Nice Safari Feature

Here’s a nice feature of Safari: it’s very well integrated with Apple’s “keychain” service, a central, secure repository for username and password information. While other browsers allow you to save password on your keychain, Safari is the only browser that doesn’t simply “type them into the password dialog” for you; once you enter your username and password for a site in Safari, you have regular, seamless access to it.

There was a version of Internet Explorer for Windows that tried this several years ago — I believe there was an option like “enter this password automatically every time?”. Somehow the feature was removed.

Makes you realize how annoying it is to have to enter your username and password — or even just confirm it — so often.


Kevin's picture
Kevin on January 9, 2003 - 15:24 Permalink

Pls excuse; taking this space to talk Mac. I watched the two hour keynote address by Steven Jobs on my VIAO 505DL and was impressed. Impressed first with the presentation. This is the type of presentation that I’ve managed only once or twice in my life and only for 2 or 3 minutes — I dream of this kind of ability to communicate complexities to a mass audience with aparent ease as Jobs so clearly had done. And so, Keynote(tm) seems a must for presenters even if they only do it about once a year. It occurs to me that millions of dollars are at stake every time Jobs walks on stage and so it makes sense that he had a few dozen developers working on tools for him to do that the genius is that he decided to recover the cost by selling it to us and (ahem, get this) may have sold me a Power Book as part of the deal. I can’t make paragraphs in this new thing so this will have to do ———————————- Apple computers have been such dreadful technology for so long it is not surprising that people have stayed away by the millions. But, Jobs is in love with UNIX (evidence the NeXT which, clearly with 20/20 hindsight, was a precursor to OSX) and because of that he has managed to drag Apple (kicking and screaming) back to a place that makes sense. For years apple computer users have been in love with the fact that “anyone can run a Mac” but they’ve been almost entirely in the dark about the fact that “almost no one can fix one” because (heretofore) there was no way to put your hands on the entrails of the machine and rip out the bad stuff (the UNIX equivalent of a “kill -9 [procid]”. Nope, if you ~asked~ the app to close and it wouldn’t you had the freedom to ask again…and again… and again…. ———————————— Jobs torques! This guy lives computers in the head and makes sure things work like they should. OSX is the FIRST MAC OS.. the rest were poor versions of file sharing tools with whiz-bang graphics and the odd killer app (to me the only killer app that makes any impression is the OS). ——————————— Mac still has a problem. And if I don’t buy a new 17” Power Book from LMS in 2003 it will be for this reason (and I’m thrilled that it’s down to this) The mouse is crap. One button is a statement, not a design. It’s a statement that “we’re so easy to use you only need one button”. Yes, “need” is true, but I “want” more buttons. I want my logitech wireless mouse on the Mac (and I want a natural keyboard which the 17” Powerbook could have accommodated by making use of wasted real estate to the east and west of the dwarfed keyboard. I want a back or kill button at my thumb, I want options and preferences on right-clicks, and I want to scroll and click with my center wheel, and I want the one click of the current Mac mouse. I want, I want I want. Why go 5 miles from Paris and not enter the city Steve? ———————————- The new Power Books (they also have a spectacular 12” version which is simply stunning for its design) are the best computers ever built for a purpose and the first to modify “purpose” with the word “general” in that context. I absolutely love these things (as much as I love any technology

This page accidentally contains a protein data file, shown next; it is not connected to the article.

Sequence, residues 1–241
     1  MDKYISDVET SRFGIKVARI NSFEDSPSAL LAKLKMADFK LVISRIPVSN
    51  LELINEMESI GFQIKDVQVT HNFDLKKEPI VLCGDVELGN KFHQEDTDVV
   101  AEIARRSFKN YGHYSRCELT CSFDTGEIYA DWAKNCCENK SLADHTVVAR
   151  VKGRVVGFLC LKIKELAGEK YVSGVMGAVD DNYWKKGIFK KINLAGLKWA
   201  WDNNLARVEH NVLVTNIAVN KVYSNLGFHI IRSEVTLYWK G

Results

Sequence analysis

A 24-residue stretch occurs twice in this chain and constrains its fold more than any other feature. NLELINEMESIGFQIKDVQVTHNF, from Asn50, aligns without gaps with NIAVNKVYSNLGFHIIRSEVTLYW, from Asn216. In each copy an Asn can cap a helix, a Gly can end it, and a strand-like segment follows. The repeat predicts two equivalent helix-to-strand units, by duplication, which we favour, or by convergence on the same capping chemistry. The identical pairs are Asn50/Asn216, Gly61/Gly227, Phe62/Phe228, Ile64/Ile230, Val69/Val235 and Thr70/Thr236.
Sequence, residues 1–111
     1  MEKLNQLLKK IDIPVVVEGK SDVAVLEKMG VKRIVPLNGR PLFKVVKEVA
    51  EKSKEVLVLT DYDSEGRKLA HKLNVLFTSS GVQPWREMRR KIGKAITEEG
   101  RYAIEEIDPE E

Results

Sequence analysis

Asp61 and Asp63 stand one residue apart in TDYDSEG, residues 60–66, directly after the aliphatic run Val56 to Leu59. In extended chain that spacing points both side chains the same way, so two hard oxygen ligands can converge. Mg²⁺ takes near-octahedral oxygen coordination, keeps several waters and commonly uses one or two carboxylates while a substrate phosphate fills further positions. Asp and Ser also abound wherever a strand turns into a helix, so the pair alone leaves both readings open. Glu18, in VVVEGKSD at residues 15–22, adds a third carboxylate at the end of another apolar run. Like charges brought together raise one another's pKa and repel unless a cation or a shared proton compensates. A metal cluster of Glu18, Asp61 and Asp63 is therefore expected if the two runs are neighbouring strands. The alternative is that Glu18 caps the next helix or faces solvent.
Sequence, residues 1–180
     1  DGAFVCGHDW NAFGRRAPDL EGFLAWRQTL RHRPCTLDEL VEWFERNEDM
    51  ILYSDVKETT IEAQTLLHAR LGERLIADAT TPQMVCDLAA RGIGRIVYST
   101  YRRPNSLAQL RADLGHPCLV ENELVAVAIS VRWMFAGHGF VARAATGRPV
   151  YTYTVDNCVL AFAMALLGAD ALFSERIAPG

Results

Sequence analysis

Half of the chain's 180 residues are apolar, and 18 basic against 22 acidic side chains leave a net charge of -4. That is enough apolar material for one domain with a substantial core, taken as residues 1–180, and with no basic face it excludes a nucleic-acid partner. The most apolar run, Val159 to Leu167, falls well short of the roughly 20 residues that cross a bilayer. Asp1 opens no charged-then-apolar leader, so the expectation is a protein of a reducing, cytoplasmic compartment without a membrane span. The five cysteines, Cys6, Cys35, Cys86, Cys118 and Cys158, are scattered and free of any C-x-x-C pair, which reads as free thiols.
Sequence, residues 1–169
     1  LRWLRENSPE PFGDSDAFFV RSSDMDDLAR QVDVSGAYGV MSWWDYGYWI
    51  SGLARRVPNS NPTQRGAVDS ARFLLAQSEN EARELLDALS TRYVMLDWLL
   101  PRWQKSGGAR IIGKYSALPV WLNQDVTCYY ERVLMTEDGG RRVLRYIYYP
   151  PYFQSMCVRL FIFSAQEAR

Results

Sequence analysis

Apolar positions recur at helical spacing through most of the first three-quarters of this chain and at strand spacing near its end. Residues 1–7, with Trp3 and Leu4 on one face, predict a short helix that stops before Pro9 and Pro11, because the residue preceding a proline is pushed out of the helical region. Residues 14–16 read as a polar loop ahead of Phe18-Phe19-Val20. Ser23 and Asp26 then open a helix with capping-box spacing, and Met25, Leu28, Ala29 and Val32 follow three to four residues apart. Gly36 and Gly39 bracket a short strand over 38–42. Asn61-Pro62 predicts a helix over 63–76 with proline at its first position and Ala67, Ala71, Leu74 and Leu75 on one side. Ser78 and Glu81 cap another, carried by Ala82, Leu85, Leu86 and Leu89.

Ken's picture
Ken on January 9, 2003 - 15:56 Permalink

VAIO’s rock!

Alan's picture
Alan on January 9, 2003 - 16:48 Permalink

Boy, I missed the 1500 word Kejp essays. As per usual I have no real idea what it is exactly all about but…love it.